Membership has its privileges – says the old American Express campaign. And, according to author Sarah Sladek, that used to be true. In her book, The End of Membership as We Know It, she describes how the times, they are a-changing and that, as a result, the traditional membership model is at risk.
The Millennials Are Here
The primary reason for the end of membership as we know it is the generational phenomenon of history’s largest transition from one generation (Baby Boomers) to another (Gen X and Gen Y).
You’d have to have been living under a rock not to have heard the discussion about millennials coming of age and all the ways it’s altering our culture. For membership organizations, this changing of the guard is a clarion call to adapt or die.
What’s Happening to the Membership Model?
Sladek describes the golden era of memberships as a model that was created and sustained by the mindset of the Silent Generation and Baby Boomers who—before the Great Recession in 2008—found what they needed and gave what it took to keep valued associations alive.
Then, two things shifted: (1) A rapid evolution of technology occurred which allowed (2) the generations raised on and by it (in an economically unstable culture) to manage their lives in untraditional ways. The fact of the matter is, the Baby Boomers are retiring (at the rate of 10,000 per day for the next 15 years) and those coming behind are quite particular about how they spend their time and money. They are not motivated by traditional, inflexible or low-value offerings.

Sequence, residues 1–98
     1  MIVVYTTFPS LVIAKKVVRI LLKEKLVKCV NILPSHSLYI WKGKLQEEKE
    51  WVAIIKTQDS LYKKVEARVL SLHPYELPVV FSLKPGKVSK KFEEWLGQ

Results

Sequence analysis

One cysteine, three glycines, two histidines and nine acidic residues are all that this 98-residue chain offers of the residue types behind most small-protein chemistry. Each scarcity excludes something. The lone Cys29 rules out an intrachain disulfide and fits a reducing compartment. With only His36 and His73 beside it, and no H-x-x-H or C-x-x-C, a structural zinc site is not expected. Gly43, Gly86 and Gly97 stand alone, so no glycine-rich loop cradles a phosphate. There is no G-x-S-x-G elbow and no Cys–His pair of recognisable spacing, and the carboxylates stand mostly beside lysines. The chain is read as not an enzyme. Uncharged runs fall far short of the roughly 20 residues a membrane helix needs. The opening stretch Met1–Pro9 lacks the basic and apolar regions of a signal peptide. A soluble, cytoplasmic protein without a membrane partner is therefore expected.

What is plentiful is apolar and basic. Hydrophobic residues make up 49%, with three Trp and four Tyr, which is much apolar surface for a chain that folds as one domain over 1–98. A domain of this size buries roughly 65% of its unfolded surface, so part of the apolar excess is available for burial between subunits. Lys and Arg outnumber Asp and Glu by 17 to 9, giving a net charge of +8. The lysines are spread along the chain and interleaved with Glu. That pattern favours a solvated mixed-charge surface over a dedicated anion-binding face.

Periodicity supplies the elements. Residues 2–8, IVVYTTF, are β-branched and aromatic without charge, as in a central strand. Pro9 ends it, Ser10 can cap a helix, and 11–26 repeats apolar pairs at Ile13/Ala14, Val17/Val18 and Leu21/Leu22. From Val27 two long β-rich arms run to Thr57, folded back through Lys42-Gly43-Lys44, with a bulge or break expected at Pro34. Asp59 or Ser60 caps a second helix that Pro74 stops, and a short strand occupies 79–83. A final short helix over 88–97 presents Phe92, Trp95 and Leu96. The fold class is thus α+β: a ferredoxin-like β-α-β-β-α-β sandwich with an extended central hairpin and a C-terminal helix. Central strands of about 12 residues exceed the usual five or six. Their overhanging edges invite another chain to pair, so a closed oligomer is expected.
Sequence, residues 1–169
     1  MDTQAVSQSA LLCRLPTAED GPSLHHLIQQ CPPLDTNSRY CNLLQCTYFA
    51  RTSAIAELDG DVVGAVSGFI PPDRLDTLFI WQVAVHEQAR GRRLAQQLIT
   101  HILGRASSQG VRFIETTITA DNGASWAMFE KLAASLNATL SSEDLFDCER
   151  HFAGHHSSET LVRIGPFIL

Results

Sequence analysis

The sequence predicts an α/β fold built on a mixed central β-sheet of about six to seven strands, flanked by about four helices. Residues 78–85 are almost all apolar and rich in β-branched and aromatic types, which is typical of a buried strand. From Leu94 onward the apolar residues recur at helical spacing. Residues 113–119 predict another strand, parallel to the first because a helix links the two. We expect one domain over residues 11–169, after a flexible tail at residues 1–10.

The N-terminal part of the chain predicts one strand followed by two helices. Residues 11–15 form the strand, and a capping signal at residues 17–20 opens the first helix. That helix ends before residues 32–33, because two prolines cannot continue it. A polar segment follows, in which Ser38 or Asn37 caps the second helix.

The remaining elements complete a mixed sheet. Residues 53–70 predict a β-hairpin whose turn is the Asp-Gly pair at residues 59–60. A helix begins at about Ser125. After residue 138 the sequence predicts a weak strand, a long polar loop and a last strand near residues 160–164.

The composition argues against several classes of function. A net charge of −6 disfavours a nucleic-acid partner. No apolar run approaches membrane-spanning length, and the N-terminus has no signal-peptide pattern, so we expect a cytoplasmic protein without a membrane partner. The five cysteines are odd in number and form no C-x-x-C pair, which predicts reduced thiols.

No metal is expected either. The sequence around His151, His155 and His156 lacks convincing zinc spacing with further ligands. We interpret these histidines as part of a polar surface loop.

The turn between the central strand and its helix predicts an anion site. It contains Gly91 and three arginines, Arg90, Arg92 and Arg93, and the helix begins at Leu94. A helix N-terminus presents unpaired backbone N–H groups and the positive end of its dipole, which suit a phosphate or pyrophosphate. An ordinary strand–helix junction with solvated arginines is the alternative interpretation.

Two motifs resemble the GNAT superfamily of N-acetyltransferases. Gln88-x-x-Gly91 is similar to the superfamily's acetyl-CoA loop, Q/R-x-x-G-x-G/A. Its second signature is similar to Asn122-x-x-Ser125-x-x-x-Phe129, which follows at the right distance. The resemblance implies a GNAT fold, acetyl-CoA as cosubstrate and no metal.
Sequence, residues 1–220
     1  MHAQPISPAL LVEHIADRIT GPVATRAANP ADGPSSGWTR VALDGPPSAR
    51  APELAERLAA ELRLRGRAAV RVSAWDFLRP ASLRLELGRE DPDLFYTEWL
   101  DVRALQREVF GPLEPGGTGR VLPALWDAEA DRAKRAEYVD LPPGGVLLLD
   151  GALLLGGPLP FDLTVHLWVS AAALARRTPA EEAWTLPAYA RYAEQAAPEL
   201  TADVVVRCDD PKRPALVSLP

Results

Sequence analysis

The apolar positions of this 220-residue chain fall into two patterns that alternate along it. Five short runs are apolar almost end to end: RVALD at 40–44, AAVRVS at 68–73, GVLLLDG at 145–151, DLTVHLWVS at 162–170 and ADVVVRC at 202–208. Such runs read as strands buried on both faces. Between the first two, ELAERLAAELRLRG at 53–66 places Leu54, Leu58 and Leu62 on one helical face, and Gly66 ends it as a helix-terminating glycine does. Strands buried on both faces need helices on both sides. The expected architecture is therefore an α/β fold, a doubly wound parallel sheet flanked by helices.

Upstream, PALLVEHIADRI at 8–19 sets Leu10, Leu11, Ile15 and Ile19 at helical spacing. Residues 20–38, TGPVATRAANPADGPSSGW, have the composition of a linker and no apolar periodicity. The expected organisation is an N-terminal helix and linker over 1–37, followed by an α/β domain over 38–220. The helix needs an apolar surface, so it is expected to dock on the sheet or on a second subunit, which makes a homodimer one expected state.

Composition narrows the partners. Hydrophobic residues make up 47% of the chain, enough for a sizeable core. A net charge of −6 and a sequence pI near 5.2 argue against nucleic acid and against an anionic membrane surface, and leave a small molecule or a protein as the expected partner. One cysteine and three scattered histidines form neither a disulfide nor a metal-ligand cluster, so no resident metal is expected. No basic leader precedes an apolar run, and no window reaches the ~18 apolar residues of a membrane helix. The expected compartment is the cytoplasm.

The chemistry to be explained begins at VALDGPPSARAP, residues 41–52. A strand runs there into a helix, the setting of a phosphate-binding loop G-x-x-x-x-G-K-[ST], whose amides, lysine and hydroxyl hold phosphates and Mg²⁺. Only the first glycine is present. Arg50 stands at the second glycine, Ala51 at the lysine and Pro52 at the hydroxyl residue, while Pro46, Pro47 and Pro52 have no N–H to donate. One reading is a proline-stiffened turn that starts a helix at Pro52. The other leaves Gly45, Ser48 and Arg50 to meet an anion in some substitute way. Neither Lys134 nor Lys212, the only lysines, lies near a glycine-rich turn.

And so, Sladek warns: Unless membership models adapt, they will die out in the next 20 years.
5 Mindsets You Need to Refresh Your Membership Model
1. Embrace the coming change.
Survival won’t be assured from a position of fear, denial or even acceptance. You’re going to need to get enthusiastic about thinking WAY outside your current box. (Example: Be a part of networks like ClassPass that lets participants pay one fee and access multiple organizations’ programs.)
2. Be motivated by your numbers.
Sladek shows how to calculate your retention rate, your loss rate and your turnover rate, as well as the expected attrition of Baby Boomers, in order to estimate how much longer your membership will exist – if it continues at current rates.
3. Provide value that meets the core needs of your members.
Do the work to find out what benefits (and at what price point) millennials would consider valuable. Putting millennials in places of leadership will help you gain the insight you need to refresh your membership.
4. Embrace technology
This generation won’t have a clue about your organization or how to connect with you otherwise.
5. Involve members in something bigger.
Millennials want to be a part of something global, yet local; something that makes a difference. Petitioning for legislation that affects your constituents is just one idea of a cause they could feel good about supporting.
More on memberships: